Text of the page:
John Carroll University today entered into a partnership with Say Yes to Education, a leading, national nonprofit organization that partners with communities around the goal of making a college degree affordable and attainable for every public high school graduate.
Say Yes to Education has selected Cleveland, Ohio, as the site of its next community chapter.
John Carroll University joins eight new partner institutions in Ohio including Ashland University, Baldwin Wallace University, Case Western Reserve University, College of Wooster, Notre Dame College, Ohio Northern University, Ohio Wesleyan University and the University of Dayton.
“We are so proud to invest in Cleveland’s future leaders through our partnership with Say Yes to Education, The Higher Education Compact of Greater Cleveland and the Cleveland Metropolitan School District,” said Michael D. Johnson, Ph.D., president of John Carroll University. “This relationship highlights our University’s mission of developing men and women for and with others. Together, we will work to inspire students to be future leaders across our shared community.”
Through the partnership with Say Yes to Education, graduates of the Cleveland Metropolitan School District who meet residency and other requirements will have access to scholarships (up to the value of tuition and mandatory fees) to John Carroll University, dozens of private colleges and universities around the nation, as well as to in-state public colleges and universities (and industry-recognized credentialing programs) across Ohio.
Cleveland now joins three other Say Yes communities–Buffalo and Syracuse in New York, and Guilford County (Greensboro-High Point) in North Carolina–in committing to make college and other post secondary scholarships accessible to all eligible public high school graduates for years to come.
In addition to providing scholarships, John Carroll University and the other partner colleges and universities in the Say Yes National Higher Education Compact stand with Say Yes and its partners in creating a college-going culture in communities whose young people have been historically underrepresented at the nation’s higher education institutions.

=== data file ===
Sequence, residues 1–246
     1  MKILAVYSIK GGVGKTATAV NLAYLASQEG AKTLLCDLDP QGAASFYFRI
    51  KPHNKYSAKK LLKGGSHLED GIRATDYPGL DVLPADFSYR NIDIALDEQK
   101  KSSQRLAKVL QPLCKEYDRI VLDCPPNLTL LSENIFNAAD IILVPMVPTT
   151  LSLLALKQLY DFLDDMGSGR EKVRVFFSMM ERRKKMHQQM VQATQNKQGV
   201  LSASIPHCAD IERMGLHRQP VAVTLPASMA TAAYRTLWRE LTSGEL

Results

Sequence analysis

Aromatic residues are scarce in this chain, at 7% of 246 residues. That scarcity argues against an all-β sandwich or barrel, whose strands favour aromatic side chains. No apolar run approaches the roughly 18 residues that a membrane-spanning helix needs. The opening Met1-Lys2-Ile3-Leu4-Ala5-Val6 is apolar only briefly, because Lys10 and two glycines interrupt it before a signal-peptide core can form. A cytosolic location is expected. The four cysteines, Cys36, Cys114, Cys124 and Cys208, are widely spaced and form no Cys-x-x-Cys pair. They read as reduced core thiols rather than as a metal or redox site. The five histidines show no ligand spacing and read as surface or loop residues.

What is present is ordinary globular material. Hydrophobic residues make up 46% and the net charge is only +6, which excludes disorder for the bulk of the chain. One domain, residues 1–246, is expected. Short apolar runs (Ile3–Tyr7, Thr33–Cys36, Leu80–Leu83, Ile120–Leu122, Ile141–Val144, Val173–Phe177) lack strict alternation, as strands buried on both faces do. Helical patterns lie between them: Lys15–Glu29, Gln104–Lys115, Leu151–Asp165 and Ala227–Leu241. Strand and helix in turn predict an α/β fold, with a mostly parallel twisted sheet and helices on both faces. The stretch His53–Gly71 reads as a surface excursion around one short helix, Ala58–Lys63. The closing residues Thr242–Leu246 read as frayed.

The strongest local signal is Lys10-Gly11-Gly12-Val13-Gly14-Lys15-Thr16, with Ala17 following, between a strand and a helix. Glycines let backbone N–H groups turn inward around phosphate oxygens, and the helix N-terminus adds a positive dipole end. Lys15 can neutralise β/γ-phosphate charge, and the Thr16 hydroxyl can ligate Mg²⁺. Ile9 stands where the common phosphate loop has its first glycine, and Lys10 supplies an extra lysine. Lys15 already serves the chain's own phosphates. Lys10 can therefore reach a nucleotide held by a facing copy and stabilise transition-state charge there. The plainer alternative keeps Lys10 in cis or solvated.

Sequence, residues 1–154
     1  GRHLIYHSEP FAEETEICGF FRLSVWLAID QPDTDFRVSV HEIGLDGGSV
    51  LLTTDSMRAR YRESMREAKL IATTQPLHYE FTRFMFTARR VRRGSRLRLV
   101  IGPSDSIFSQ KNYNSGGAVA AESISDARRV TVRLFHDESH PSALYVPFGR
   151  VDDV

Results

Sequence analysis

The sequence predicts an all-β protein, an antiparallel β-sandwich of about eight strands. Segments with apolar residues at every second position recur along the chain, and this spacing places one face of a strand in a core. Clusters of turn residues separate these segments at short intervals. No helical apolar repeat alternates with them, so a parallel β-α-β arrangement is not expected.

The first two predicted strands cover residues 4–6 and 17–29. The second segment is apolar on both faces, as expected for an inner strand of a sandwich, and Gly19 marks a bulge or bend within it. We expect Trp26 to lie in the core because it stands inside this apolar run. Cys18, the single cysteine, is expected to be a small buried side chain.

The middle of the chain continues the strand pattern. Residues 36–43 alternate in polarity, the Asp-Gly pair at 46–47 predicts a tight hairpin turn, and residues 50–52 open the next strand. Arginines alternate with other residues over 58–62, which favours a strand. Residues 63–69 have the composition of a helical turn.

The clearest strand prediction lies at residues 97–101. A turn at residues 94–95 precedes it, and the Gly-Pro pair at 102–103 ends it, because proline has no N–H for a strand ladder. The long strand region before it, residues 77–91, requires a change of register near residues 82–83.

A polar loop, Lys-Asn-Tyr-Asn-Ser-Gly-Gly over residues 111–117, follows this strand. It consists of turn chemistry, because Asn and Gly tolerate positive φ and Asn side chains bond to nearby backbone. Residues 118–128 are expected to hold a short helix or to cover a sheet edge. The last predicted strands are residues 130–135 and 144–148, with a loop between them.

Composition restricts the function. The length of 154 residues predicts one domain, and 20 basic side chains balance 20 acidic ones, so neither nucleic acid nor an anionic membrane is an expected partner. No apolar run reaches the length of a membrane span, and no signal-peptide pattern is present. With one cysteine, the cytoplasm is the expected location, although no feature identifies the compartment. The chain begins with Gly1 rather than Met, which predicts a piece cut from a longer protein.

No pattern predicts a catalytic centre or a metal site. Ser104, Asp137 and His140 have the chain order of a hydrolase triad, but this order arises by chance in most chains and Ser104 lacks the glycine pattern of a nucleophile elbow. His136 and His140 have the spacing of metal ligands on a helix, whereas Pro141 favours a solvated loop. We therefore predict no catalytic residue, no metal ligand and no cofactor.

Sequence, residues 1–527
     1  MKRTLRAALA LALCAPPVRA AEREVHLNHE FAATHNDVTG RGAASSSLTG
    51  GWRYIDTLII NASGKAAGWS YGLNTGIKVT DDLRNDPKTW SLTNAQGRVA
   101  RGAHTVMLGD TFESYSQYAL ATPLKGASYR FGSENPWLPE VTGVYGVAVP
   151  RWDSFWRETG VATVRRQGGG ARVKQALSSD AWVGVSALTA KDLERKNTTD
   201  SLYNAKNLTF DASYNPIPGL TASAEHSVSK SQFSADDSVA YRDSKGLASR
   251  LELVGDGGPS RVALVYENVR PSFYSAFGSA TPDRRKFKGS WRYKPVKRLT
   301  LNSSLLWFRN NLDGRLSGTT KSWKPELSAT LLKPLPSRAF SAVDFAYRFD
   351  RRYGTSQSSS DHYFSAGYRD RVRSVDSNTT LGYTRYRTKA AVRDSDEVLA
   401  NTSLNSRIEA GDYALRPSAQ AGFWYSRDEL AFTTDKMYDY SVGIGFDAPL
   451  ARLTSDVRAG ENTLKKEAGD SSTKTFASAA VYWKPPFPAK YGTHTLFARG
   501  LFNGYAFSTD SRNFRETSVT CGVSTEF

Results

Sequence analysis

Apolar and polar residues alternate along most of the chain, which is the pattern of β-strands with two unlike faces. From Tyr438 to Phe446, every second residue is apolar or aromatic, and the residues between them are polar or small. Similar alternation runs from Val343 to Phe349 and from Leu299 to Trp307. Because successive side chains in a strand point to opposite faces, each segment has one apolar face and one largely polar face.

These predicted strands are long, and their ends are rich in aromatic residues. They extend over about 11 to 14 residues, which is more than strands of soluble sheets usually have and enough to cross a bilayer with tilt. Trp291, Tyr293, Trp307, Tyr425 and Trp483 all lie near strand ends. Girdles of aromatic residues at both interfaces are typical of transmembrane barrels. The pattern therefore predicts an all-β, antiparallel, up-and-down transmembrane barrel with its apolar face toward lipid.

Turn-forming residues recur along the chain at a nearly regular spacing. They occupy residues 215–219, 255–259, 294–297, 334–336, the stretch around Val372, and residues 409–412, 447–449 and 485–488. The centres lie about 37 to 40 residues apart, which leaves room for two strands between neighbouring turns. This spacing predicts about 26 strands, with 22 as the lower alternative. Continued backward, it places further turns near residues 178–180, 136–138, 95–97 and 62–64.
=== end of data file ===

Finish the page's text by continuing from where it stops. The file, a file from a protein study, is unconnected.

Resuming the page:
Say Yes was founded by money manager George Weiss nearly 32 years ago with a promise to the entire sixth grade at a public school serving a low-income neighborhood in Philadelphia: if they graduated high school, he would personally pay to put them through college. In the three decades since, more than 13,000 public school students have gone off to two- and four-year institutions, as well as certificate-granting programs, with support from Say Yes, its partner communities and its partner colleges and universities.
“The members of the Say Yes National Board and I have been deeply impressed, and moved, by the efforts of the city of Cleveland to come together to offer its young people hope – an aspiration that has always served as a cornerstone of Say Yes to Education,’’ Weiss said.
He continued, “Our new partners in Cleveland recognize that it requires an enormous investment to raise the aspirations of all students, many of them seeking to become the first in their families to attend college – and, more importantly, to graduate,’’ Weiss added. “There is the obvious financial commitment. But fulfilling that promise also requires community buy-in, a willingness to believe that all children can succeed if they are given not only the opportunity, but the necessary support. That includes tutoring and mentoring as well as services to improve their health and social-emotional well-being.”
For more information, please visit SayYesCleveland.org.